At a prison in Devon professionals from county rivals Exeter City and Plymouth Argyle are participating in an innovative pilot programme putting football at the centre of rehabilitation
There is a fiercely contested drop-ball during a five-a-side kickabout with a difference. Behind the barbed wire and through the giant blue main gate at HMP Exeter, in the gymnasium perched round the back of C wing, where a pair of tracksuit bottoms are drying out of the window of cell 32, a handpicked group of offenders are taking on a team comprising professional footballers from Devon rivals Exeter City and Plymouth Argyle. “Nice and fair,” says Mike Reece, one of five prison officers who specialise in physical education here, as the game restarts.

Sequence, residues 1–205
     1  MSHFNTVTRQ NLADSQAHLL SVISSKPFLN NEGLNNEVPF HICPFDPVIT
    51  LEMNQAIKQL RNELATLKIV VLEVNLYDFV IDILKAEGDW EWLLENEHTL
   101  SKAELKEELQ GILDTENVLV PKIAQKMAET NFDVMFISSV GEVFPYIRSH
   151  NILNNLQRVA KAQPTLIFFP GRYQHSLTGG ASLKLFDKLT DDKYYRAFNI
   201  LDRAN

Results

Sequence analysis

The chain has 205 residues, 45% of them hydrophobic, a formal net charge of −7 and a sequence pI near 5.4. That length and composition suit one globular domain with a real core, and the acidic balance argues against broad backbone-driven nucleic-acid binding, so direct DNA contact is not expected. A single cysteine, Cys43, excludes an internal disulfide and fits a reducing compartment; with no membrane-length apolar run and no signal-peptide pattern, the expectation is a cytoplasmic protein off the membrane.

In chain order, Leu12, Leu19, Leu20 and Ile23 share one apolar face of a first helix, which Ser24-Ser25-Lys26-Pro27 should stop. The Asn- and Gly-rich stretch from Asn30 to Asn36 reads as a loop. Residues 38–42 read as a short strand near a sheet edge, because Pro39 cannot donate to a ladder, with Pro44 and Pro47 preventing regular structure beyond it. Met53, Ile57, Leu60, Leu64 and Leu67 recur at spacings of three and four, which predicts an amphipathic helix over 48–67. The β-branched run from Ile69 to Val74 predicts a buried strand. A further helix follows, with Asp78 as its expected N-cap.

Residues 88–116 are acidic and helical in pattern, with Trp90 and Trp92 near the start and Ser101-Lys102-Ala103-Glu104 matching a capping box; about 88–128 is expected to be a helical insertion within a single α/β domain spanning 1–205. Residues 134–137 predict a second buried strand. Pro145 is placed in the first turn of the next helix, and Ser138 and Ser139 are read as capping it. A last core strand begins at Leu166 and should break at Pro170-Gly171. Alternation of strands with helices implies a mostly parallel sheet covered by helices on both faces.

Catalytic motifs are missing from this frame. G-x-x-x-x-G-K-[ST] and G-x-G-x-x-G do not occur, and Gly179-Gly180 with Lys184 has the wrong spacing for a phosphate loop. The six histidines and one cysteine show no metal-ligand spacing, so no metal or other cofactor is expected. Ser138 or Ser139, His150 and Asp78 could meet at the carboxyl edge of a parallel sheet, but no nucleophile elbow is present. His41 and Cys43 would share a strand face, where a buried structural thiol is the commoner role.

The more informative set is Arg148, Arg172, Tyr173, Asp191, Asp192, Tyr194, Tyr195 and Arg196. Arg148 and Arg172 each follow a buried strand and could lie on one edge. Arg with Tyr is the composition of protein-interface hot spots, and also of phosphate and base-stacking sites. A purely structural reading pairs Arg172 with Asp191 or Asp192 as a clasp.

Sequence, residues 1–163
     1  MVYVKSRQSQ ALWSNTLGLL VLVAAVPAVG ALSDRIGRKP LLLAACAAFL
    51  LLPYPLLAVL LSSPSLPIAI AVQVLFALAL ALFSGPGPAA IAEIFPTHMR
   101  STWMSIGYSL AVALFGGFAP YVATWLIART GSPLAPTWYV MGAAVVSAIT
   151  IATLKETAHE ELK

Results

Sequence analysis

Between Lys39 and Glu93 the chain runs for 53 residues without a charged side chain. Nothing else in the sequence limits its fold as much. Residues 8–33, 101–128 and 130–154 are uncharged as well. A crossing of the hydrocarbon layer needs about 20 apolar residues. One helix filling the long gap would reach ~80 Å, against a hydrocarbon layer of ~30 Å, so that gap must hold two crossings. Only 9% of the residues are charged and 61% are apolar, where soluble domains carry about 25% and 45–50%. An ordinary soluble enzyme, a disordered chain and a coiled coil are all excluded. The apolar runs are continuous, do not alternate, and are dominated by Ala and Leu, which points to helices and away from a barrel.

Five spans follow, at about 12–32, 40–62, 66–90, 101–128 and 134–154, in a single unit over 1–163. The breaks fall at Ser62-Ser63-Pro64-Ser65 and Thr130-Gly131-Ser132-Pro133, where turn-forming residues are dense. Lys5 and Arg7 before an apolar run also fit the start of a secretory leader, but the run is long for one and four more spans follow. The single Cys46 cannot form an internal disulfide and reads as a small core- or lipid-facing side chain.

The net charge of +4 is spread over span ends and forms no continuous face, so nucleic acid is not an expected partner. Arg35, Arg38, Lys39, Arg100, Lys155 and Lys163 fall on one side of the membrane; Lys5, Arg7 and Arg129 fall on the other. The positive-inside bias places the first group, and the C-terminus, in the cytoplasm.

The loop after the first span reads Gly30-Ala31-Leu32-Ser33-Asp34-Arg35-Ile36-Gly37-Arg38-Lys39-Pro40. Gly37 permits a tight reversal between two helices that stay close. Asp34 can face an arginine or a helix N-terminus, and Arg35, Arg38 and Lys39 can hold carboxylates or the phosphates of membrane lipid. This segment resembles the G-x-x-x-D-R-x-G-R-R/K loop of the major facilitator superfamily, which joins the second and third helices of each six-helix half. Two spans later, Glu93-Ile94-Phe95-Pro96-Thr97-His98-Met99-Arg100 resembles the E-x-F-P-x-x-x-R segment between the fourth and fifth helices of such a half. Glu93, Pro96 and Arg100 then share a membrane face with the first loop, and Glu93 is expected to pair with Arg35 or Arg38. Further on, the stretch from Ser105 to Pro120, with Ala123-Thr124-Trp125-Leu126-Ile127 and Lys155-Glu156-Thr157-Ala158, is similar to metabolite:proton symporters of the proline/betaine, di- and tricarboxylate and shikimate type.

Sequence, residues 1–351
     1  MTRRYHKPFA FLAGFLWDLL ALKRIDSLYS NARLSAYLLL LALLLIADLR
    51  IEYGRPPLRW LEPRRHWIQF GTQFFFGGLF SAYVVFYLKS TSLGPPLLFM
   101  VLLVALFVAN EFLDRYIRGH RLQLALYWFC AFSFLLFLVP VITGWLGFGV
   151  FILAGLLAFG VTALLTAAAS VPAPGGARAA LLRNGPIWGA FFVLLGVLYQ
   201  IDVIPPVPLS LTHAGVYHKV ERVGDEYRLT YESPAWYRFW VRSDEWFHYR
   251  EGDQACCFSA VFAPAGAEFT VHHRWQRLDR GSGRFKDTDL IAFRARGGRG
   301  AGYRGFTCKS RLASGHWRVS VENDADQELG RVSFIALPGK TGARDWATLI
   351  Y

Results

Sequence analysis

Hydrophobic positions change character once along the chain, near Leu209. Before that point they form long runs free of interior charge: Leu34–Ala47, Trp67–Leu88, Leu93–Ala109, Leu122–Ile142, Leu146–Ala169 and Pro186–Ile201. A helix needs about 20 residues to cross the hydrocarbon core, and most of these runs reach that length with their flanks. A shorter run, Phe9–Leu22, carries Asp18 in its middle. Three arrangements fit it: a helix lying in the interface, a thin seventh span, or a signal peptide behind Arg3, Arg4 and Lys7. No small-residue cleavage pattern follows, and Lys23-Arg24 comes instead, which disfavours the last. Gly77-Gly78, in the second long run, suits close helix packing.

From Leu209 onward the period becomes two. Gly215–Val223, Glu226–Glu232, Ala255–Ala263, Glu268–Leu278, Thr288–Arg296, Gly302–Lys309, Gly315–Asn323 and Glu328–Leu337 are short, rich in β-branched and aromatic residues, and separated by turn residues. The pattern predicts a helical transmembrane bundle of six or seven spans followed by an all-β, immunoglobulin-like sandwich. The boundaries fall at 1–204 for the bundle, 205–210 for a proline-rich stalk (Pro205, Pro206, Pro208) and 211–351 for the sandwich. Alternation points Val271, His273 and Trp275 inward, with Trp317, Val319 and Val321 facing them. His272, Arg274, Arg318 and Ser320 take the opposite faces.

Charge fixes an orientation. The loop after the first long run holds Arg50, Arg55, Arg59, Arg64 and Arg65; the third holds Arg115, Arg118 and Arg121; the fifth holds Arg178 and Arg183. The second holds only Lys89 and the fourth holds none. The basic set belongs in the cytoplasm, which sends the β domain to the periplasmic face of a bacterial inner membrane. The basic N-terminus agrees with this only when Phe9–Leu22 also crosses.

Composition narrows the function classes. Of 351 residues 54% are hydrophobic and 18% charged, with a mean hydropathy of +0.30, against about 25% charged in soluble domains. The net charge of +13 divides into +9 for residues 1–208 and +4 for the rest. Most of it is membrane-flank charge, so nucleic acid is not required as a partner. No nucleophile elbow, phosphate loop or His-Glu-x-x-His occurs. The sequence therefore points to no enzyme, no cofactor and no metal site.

It is the penultimate session of an empowering eight-week pilot programme devised by Jamie Vittles and Mark Lovell, the heads of the Community Trusts at Exeter and Plymouth, respectively, and funded by the EFL Trust Innovation Fund, with £200,000 split across several projects to celebrate their 10-year anniversary. One million people engage with an EFL club community programme every season.
Source: Football News
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